The meta-analysis also shows that the efficacy of Diamyd® treatment does not appear to be affected by glycemic status (HbA1c and insulin dose) at baseline and that intralymphatic administration is superior to subcutaneous administration in individuals carrying the HLA DR3-DQ2 haplotype. Positive trends were seen on all evaluated secondary effect parameters (change in HbA1c, insulin dose and insulin adjusted HbA1c) in individuals that carry the DR3-DQ2 haplotype with best support for intralymphatic administration.
“It is comforting to see that this analysis further supports our development focus on treating the genetically defined patient population by the intralymphatic administration route,” said Ulf Hannelius, CEO of Diamyd Medical. “This analysis also supports the robustness of the treatment when taking into account individual differences in blood glucose and insulin dose at baseline, further strengthening the evidence base for the antigen-specific immunotherapy Diamyd. A larger well-powered trial in the genetically selected patient population should have a high likelihood of reaching both primary and secondary endpoints.”
HLA and dose influence the effect of Diamyd®
The large-scale meta-analysis, announced in December 2019 and published in Diabetologia in August 2020, was updated with data from the European Phase IIb trial DIAGNODE-2. DIAGNODE-2, where the topline results were announced in September 2020, did not reach the primary endpoint in the full patient population but showed a statistically significant treatment effect in a prespecified patient population positive for the HLA DR3-DQ2 haplotype.
Encompassing data from 627 individuals with a recent diagnosis of type 1 diabetes, the meta-analysis shows, in line with the original meta-analysis and the DIAGNODE-2 results, that the HLA genotype of the individual significantly influenced the effect of Diamyd® treatment.
A statistically highly significant treatment effect on the preservation of endogenous insulin production was observed in individuals positive for HLA DR3-DQ2, a group encompassing approximately 50% of all analyzed individuals. Within this group, individuals treated with three or four doses of Diamyd® retained on average 49% (p<0.0001) more of their insulin production at 15 months from study start comparered to placebo treated individuals in the same group. Individuals who were simultaneously negative for the HLA DR4-DQ8 haplotype, approximately 25% of all analyzed individuals, and treated with three or four doses of Diamyd®, appeared to receive the most benefit from Diamyd®, with approximately 85% (p<0.0001) more retained endogenous insulin production compared to placebo treated individuals in the same group.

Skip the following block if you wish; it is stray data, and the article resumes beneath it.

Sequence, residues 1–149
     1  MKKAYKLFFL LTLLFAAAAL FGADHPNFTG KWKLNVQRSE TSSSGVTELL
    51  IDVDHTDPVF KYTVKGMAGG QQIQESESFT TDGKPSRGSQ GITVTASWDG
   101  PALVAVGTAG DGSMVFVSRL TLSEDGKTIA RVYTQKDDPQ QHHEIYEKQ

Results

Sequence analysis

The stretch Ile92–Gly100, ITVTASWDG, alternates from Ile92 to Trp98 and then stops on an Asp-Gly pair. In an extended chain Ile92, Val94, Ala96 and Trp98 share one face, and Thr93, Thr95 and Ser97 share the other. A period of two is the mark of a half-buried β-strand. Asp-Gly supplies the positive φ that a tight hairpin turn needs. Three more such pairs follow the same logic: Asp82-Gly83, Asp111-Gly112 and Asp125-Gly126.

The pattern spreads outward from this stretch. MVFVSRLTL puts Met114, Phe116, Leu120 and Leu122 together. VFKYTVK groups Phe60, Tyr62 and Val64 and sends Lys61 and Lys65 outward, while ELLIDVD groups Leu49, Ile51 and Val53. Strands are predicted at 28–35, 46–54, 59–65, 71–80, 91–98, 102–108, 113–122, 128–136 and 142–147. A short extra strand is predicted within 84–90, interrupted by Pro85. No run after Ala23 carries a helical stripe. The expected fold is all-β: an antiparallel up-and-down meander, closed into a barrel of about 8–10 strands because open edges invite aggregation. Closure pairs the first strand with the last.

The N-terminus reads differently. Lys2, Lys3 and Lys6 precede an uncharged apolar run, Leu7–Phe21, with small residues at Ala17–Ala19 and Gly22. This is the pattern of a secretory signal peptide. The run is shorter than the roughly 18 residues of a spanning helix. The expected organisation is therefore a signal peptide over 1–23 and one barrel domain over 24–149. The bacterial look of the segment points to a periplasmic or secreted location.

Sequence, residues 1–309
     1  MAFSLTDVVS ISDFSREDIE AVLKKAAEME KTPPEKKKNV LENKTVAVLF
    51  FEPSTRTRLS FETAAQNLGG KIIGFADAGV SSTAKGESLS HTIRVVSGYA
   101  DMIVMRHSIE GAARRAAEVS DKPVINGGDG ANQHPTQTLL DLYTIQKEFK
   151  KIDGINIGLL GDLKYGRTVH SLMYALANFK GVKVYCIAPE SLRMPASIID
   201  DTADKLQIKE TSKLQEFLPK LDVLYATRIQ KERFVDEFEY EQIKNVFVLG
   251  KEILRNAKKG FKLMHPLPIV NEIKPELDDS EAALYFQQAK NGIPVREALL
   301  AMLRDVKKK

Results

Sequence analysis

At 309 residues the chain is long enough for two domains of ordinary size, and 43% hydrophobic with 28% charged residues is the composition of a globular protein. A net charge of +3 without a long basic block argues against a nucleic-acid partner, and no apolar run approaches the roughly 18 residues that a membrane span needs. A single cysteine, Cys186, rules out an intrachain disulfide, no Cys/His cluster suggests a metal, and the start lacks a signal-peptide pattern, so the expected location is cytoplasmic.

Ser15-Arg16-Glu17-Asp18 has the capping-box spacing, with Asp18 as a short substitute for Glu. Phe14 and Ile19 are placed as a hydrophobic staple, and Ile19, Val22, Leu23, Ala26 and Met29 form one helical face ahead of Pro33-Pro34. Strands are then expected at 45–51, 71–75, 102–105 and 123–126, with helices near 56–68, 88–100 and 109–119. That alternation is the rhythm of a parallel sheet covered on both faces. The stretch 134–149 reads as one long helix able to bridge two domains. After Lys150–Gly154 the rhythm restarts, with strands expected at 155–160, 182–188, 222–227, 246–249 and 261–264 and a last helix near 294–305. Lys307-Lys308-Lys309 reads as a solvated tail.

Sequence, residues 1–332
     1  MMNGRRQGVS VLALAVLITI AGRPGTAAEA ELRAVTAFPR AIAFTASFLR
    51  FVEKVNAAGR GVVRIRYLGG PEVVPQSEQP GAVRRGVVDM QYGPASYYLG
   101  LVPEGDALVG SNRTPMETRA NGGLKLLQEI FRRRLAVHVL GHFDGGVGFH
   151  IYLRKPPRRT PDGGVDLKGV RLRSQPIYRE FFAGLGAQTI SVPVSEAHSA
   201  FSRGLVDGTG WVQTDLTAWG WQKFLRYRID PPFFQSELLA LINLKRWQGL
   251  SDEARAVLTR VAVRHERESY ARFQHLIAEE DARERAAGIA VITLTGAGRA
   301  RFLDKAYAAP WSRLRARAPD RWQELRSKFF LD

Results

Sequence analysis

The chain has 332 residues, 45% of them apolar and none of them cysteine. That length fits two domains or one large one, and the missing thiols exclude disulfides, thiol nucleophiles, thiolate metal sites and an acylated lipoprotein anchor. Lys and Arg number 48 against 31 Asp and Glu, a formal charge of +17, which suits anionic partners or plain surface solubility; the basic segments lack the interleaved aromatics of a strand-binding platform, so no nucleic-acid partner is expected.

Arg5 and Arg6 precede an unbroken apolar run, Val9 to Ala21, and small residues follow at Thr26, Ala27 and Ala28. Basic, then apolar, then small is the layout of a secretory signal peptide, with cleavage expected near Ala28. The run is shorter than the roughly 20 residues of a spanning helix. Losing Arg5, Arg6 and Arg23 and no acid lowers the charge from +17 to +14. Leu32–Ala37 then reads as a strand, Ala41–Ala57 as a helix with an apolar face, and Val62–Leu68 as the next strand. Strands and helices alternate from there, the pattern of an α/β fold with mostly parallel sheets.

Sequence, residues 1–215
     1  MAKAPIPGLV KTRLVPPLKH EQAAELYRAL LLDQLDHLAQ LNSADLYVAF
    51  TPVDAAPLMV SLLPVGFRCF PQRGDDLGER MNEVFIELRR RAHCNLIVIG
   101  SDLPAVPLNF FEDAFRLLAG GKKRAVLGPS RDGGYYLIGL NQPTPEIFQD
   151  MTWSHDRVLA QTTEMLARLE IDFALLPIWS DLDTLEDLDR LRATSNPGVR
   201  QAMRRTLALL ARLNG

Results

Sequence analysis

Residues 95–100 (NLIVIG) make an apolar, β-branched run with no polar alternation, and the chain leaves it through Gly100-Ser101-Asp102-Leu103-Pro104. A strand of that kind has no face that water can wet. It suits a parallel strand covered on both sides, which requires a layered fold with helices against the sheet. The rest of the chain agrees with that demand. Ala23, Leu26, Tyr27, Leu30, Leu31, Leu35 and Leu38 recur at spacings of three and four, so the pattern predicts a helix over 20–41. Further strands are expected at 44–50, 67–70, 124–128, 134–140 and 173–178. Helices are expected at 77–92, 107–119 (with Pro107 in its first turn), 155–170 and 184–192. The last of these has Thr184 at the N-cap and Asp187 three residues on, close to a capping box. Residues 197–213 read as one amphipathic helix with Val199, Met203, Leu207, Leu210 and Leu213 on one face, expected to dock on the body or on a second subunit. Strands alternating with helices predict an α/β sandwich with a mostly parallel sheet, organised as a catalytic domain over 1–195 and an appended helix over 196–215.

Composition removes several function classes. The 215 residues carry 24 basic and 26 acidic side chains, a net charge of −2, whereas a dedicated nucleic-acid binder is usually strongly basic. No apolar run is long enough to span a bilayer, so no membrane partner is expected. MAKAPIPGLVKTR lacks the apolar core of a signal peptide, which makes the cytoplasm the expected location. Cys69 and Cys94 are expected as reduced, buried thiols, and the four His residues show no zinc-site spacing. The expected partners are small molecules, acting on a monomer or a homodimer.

Lower HbA1c (-4.74 mmol/mol, approximately -9%), insulin use (-0.044 IU/kg body weight per day, approximately -9%) and insulin-adjusted HbA1c (-0.48, approximately -5.5%) were also seen in the individuals positive for HLA DR3-DQ2 treated with three or four doses of Diamyd® compared to placebo treated individuals in the same group. Statistical significance in this smaller subgroup of patients was reached for HbA1c but not the other secondary endpoints after adjusting for multiple testing.
The updated analysis also shows, in line with the original meta-analysis, that individuals negative for HLA DR3-DQ2 did not seem to benefit from Diamyd® via the treatment regimens evaluated to date, highlighting the importance of a precision medicine approach in antigen-specific immunotherapy.
Intralymphatic administration superior to subcutaneous administration
To evaluate whether intralymphatic administration is superior to subcutaneous delivery, an analysis based on data from individuals treated with three subcutaenous injections was compared to data from individuals treated with three intralymphatic injections. The analysis indicated that there is a more than a 98% probability that three intralymphatic injections of low doses of antigen provide a superior effect on preserving endogenous insulin production compared to three higher doses of subcutaneous injections in individuals positive for HLA DR3-DQ2.
The analysis also indicates that the probability of a superior effect of intralymphatic injections compared to subcutaneous injections regarding secondary effect parameters is 99% for HbA1c, 43% for insulin dose and 79% for insulin adjusted HbA1c.
No benefit of intralymphatic injections over subcutaneous was observed in individuals negative for HLA DR3-DQ2.